When I was little, I imagined I’d grow up to be like the television character, Donna Reed, who exuded elegance and success. I’d live in a beautiful house with a beautiful family. Meals would appear like magic from an oven.
Wearing flouncy dresses and clacking heels, I’d serve green beans and tuna noodle casseroles to my loved ones who’d praise the delicious outcomes, then kiss my cheek before running off to take care of important business. With a radiant grin and a shake of my head, I’d scrape the leftovers into the garbage, then tackle the piles of dirty dishes. Tidy problems with tidy solutions could be wiped away as though swishing a feather duster like a magical wand. With infinite patience and lucrative finances I’d help my sweet daughter find a perfect prom dress. Each evening, I’d greet my tired husband, ready with a tray of chilled martinis garnished with speared olives. Marital disagreements would extinguish quickly with a stomp of my foot and a coquettish pout as he flashed a smile and patted my head. Within minutes we’d make up, harsh words forgotten. These wholesome escapades of domestic joy were the dreams close to my heart. Like the fairy tale promises of true love I would live happily ever after.
I was oblivious to the incongruence between my TV family and my real family. My parents were loving and responsible, but noisy children and messes were part of our daily truths. Dad’s departure to work and Mom’s whirl of frenzied housework didn’t help me grasp the finesse of household management. Pretending to be Donna, I played house, changed the diapers of my Wetsy Betsy doll, and cooked fake meals in my toy oven. What fun I had.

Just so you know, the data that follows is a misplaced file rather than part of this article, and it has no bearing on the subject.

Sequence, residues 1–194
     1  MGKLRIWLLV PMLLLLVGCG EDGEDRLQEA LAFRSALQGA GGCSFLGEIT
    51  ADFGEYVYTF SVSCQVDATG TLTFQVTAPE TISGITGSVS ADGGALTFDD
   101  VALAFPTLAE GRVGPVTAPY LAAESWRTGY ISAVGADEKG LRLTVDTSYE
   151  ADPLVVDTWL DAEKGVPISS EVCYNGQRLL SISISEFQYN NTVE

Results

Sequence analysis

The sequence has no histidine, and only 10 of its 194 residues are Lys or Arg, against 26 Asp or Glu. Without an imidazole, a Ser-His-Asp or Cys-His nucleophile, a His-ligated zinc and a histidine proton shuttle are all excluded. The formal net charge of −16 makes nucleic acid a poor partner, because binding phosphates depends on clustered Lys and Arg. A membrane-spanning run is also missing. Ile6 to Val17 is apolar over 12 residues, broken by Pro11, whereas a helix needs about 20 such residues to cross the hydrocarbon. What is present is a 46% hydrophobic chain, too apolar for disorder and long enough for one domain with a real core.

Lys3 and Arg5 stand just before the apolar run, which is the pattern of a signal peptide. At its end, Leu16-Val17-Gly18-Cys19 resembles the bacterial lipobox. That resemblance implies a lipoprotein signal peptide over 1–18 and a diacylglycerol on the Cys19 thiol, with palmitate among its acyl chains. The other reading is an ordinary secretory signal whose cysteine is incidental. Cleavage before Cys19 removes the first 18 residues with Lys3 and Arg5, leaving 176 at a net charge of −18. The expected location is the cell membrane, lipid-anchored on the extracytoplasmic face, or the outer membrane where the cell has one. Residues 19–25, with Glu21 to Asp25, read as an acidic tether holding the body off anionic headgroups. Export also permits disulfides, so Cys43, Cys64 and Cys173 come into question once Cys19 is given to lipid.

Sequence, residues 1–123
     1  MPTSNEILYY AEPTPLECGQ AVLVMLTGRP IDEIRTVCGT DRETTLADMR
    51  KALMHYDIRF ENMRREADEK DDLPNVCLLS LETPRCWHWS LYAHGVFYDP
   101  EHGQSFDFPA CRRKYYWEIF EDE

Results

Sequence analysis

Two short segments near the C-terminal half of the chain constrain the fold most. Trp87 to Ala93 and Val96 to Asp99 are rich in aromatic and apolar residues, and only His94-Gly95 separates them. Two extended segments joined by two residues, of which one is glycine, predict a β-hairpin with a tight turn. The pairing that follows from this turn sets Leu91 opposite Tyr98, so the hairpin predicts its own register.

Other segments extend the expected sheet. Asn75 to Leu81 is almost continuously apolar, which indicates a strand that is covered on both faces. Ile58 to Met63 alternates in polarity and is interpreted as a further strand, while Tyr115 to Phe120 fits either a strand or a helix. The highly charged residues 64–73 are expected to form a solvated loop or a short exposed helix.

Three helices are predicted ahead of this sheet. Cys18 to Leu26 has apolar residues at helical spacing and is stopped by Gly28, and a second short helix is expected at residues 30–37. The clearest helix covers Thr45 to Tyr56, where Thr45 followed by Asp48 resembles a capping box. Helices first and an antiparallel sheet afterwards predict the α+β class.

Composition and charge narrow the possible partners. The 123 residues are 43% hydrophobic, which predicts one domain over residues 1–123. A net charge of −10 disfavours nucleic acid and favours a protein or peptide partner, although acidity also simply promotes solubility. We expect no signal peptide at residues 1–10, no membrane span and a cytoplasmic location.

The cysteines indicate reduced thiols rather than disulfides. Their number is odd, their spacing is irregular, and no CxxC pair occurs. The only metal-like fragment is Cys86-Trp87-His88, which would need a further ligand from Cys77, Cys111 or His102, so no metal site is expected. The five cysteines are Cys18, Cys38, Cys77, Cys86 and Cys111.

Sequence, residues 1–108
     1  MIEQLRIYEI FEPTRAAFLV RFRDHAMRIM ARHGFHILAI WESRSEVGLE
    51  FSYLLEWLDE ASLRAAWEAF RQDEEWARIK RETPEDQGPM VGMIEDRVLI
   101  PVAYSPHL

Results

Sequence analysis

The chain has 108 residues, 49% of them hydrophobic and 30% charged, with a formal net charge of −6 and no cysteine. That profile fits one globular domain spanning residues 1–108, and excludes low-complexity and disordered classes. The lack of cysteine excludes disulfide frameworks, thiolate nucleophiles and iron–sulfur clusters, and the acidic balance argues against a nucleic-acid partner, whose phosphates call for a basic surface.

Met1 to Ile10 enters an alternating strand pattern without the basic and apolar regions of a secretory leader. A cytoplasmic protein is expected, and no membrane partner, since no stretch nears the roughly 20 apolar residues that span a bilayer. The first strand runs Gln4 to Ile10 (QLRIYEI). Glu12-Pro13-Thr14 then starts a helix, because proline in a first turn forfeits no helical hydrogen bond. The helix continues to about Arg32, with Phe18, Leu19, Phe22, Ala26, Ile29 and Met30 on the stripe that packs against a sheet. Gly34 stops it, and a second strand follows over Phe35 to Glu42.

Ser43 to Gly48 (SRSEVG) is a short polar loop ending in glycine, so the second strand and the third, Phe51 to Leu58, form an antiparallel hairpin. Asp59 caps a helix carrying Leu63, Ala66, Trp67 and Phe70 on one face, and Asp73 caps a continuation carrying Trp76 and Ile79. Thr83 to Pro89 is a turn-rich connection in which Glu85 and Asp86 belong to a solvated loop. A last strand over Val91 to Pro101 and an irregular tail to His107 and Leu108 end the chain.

Many paradigms were visualized for me in the TV world. Other paragons of purity were God, teachers, and the president. Their infallibility led me to secure my integrity for marriage. I thought college was a place to find a husband and become engaged, then we’d marry and have children. My purpose was to arrange for the comfort of others, put my family’s needs first, obey my husband’s protective authority, and abide by his decisions concerning worldly matters. To be contrary or discuss unpleasant business was in bad taste for a lady and personal fulfillment was considered selfish. Such were the aspirations for daughters.
The first clue the fairy tale life I’d aspired to might not be enchanting, came the summer after fifth grade. I was hired to babysit three children. The mother worked full time to support the family and pay for the advancement of her husband’s career while he attended university. I babysat evenings for them while the children slept so I felt qualified to take on the weekday routine. Apparently, they thought so, too.
The first morning, the young mother answered the door draped in a bathrobe. She stood with a gooey baby slung on her hip and a naked toddler clinging to her leg.
“Come in! I’m not ready,” she said. “My husband left an hour ago. He’s so busy.” Before I could respond she shoved the baby in my arms while grabbing the other youngster. “Let’s get dressed, Sweetie.”
The baby belted out loud shrieks while reaching for her mother. I felt important as I cootchie-cooed her. She ensnarled her tiny hands in my hair and tugged as she threw herself backwards. From the bathroom came a loud crash, followed by maniacal laughing from the toddler who ran down the hall, and then the drone of a stern warning as his mother hurried after him.
Shortly, the mother returned dressed in a simple shift, sturdy shoes, and clipping an earring with one hand while lugging the toddler who was still naked. “I’m running late. Please dress him. Little Sally is in her room. Kisses…” She whizzed by, handed off the toddler, ran her fingers through her cropped hair, then flew out the door.
“You forgot your other earring…,” both youngsters went into spasms of screeching as if in competition to reach the loudest pitch. I did my best to comfort them.
Their wails subsided, but the door flung open, and the mom popped in. “Here’s a note with instructions. Bye.” She bolted and both babies let loose with more protests.